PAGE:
Finding the perfect vacation book

More than any other season, people are particular about the books they read in summer. They may insist the perfect beach read is a new chick lit novel or murder mystery. Others decide their summer project will be to discover something new. I’ve known people who only read about rock climbing and zombies in warm weather.

More than any other season, people are particular about the books they read in summer. They may insist the perfect beach read is a new chick lit novel or murder mystery. Others decide their summer project will be to discover something new. I’ve known people who only read about rock climbing and zombies in warm weather.

Others swear by summertime classics. One CBC radio host recently remarked that in summer she only reads books by dead authors. That way she doesn’t have to worry about doing interviews.

This year I’m pairing my book choices with vacation spots. If I were flying to Japan, I’d pack a book by Haruki Murakami or if jetting to Ireland, I’d take along something by Roddy Doyle. Turns out my holiday plans are less worldly. I’m driving to Ontario.

And, yes, I know 25 hours in the car with three young kids could provide fodder for me to write my own novel. Nonetheless, it took a bit of sleuthing to discover a book set in the small Ontario town where we’ll be staying.

The Retreat by David Bergen — published by McClelland & Stewart in 2008 — is set in Kenora, a small town on the shores of Lake of the Woods.

It’s a magical place. The enormous lake is dotted with more than 10,000 islands; you can hear the loons call while canoeing through rushes of wild rice.

Like other Canadian towns, Kenora is a place with a historic divide between aboriginal and  white populations. The Retreat takes place during the 1974 occupation of Anicinabe Park by First Nations protesters.

I was a bit disappointed to discover that the park occupation is only a backdrop to Bergen’s story. Instead The Retreat focuses on the dysfunctional Byrd family, who wind up at a run-down Kenora commune.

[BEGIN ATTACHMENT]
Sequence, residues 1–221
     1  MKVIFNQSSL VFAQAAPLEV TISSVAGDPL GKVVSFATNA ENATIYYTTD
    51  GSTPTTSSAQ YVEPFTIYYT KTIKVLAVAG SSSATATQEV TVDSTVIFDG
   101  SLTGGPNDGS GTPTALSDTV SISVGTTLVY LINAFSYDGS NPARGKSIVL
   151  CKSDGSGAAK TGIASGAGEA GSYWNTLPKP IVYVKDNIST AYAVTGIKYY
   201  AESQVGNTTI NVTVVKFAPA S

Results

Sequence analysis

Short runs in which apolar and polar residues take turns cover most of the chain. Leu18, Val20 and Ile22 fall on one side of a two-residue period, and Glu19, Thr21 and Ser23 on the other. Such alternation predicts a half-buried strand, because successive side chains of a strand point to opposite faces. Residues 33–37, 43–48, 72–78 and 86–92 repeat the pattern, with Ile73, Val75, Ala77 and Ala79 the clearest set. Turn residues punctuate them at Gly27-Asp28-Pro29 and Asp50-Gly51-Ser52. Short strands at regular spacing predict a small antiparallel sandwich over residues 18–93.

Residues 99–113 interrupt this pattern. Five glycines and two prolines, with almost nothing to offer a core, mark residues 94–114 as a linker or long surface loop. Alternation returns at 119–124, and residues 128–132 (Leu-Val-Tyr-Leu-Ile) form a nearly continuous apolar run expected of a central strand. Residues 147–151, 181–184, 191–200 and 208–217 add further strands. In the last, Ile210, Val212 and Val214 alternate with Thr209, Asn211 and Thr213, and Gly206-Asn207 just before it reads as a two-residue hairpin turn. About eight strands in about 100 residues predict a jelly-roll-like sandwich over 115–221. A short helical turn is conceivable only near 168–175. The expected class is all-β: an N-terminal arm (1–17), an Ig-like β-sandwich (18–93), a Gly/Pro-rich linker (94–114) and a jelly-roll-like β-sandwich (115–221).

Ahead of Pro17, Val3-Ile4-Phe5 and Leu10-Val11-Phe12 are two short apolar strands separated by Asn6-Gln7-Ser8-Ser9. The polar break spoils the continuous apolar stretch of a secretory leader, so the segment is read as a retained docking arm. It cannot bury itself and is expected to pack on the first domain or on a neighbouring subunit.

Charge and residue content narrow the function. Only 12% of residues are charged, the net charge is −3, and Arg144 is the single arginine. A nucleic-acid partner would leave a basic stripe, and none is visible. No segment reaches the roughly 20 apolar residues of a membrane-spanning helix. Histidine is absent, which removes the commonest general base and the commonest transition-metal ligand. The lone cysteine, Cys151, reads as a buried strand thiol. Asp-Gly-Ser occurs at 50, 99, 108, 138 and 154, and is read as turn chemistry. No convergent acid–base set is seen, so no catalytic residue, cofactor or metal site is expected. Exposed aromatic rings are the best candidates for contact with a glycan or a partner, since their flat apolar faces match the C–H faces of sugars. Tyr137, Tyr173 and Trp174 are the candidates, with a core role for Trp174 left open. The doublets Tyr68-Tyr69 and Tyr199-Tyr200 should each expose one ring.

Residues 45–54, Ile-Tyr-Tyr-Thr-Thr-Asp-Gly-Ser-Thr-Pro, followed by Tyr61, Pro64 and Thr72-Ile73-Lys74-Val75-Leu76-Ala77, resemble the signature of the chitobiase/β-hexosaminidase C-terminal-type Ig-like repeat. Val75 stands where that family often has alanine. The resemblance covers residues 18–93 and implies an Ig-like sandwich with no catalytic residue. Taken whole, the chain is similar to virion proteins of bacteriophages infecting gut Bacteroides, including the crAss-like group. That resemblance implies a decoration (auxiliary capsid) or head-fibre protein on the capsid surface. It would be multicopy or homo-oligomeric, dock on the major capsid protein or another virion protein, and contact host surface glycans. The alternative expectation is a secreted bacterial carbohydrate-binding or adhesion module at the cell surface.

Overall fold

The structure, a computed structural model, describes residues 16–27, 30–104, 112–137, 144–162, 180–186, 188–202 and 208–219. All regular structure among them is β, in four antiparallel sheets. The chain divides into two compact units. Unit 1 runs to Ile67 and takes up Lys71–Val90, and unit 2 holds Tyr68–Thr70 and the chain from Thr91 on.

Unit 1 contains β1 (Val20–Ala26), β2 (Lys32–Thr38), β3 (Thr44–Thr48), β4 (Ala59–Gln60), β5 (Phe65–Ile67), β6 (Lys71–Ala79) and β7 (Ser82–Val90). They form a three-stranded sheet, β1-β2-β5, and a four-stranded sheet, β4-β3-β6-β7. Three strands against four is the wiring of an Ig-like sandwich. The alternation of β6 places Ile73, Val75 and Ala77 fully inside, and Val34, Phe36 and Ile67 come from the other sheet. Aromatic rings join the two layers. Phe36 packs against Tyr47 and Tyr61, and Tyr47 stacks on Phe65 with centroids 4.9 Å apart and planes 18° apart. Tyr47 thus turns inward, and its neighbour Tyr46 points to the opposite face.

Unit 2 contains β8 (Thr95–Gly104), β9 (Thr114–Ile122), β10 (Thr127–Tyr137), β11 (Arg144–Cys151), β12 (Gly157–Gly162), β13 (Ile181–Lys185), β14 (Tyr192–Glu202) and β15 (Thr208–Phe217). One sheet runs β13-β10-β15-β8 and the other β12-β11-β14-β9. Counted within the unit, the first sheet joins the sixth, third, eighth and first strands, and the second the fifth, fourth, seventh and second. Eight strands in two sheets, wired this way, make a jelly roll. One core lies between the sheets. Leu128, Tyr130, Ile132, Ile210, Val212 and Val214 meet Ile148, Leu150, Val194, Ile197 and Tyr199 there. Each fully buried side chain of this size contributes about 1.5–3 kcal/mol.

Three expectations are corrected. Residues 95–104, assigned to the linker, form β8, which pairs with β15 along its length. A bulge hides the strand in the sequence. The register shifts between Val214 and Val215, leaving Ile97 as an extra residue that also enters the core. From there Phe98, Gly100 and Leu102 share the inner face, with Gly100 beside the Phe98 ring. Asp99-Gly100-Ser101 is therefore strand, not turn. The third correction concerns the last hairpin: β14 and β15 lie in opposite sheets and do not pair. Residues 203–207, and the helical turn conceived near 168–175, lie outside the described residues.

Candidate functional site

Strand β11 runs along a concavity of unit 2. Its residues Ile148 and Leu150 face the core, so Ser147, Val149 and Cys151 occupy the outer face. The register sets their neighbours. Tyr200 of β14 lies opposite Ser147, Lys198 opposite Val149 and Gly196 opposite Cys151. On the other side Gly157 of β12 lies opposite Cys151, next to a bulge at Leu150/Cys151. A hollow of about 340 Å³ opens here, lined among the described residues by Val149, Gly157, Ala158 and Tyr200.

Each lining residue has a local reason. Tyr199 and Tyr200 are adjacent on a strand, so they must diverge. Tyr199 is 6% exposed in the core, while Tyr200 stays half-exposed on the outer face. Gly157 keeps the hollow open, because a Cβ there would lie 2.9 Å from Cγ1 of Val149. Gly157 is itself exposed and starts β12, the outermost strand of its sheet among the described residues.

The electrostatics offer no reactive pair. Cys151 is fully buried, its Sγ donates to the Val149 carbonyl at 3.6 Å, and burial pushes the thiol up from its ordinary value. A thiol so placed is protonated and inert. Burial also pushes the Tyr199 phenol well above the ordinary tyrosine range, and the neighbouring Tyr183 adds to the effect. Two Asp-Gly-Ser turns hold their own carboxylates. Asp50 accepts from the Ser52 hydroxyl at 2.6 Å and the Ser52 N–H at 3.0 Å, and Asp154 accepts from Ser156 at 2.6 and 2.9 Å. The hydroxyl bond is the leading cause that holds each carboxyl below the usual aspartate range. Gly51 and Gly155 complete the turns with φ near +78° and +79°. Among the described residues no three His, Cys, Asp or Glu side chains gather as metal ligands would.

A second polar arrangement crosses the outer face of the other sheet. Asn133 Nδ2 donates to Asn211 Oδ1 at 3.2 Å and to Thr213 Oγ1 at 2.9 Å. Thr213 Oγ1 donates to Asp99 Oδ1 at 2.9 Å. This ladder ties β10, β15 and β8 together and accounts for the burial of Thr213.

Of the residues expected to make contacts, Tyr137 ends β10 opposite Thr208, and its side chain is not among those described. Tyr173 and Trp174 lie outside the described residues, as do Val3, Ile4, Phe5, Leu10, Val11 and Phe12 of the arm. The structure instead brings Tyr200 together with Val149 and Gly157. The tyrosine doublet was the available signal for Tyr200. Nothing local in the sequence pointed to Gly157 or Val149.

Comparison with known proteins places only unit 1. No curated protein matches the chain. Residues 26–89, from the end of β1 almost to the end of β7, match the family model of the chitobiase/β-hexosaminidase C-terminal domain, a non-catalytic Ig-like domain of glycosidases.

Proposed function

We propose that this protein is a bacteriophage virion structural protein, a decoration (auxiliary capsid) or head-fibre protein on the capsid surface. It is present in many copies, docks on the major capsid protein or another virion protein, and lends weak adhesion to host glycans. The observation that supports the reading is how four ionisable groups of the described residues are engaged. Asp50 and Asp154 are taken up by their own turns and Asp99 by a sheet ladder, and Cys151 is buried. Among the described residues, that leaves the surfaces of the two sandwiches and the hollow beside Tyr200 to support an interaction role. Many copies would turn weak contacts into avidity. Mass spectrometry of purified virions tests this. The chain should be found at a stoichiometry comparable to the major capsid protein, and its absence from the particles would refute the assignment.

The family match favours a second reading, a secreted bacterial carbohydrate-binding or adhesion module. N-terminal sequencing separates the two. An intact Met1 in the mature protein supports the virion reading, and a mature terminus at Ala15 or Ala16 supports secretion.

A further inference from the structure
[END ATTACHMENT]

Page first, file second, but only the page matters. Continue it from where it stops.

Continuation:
It’s operated by a cult-like leader who preys on drifters. The mom, Norma, is a selfish, damaged woman who has an affair with the leader, and neglects her children.

Lizzy, Norma’s teenage daughter, cares for the younger children. But left to her own devices she meets and befriends one of the First Nations protesters.

In a deeply divided community, this doesn’t go over well. Throw in a near-drowning and a lost child, and you get the impression this isn’t the sunniest of books.

But don’t get me wrong. The Retreat is razor sharp, as would be expected from the Giller prize-winning author of A Time In Between. Because of Bergen’s writing talent, the book is memorably haunting.

I almost wish that Bergen wasn’t able to evoke a mood so palpably. He’s cast a bit of a shadow over my previously blissful cottage country.

While I’d recommend this book, I’ve come up with a new plan for picking summer reads. I won’t focus only on the place, but take in account the mood, and the emotions I want to be left with once I close the back cover.

Just last week a tornado ripped through Kenora. So it turns out my reading choices may be restricted to home repair and fix-it manuals.

Heather Allen is a writer and reader who lives in Penticton.

allenh@telus.net

 

 

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